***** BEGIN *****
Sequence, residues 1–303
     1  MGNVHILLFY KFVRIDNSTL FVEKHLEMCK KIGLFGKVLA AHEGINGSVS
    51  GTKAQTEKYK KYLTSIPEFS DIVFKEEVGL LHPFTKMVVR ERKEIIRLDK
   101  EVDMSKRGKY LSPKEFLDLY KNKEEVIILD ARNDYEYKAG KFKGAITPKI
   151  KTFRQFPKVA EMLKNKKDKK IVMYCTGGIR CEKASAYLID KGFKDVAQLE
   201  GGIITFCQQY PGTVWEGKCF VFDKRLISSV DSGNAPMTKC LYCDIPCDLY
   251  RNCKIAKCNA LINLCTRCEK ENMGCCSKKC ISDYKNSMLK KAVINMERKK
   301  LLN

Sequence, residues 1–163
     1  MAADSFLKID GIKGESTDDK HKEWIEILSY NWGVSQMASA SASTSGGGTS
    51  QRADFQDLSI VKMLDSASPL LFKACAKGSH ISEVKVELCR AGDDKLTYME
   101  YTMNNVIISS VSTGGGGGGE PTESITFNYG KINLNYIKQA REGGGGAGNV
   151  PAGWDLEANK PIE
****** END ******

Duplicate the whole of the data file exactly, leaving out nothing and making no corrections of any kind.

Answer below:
Sequence, residues 1–303
     1  MGNVHILLFY KFVRIDNSTL FVEKHLEMCK KIGLFGKVLA AHEGINGSVS
    51  GTKAQTEKYK KYLTSIPEFS DIVFKEEVGL LHPFTKMVVR ERKEIIRLDK
   101  EVDMSKRGKY LSPKEFLDLY KNKEEVIILD ARNDYEYKAG KFKGAITPKI
   151  KTFRQFPKVA EMLKNKKDKK IVMYCTGGIR CEKASAYLID KGFKDVAQLE
   201  GGIITFCQQY PGTVWEGKCF VFDKRLISSV DSGNAPMTKC LYCDIPCDLY
   251  RNCKIAKCNA LINLCTRCEK ENMGCCSKKC ISDYKNSMLK KAVINMERKK
   301  LLN

Sequence, residues 1–163
     1  MAADSFLKID GIKGESTDDK HKEWIEILSY NWGVSQMASA SASTSGGGTS
    51  QRADFQDLSI VKMLDSASPL LFKACAKGSH ISEVKVELCR AGDDKLTYME
   101  YTMNNVIISS VSTGGGGGGE PTESITFNYG KINLNYIKQA REGGGGAGNV
   151  PAGWDLEANK PIE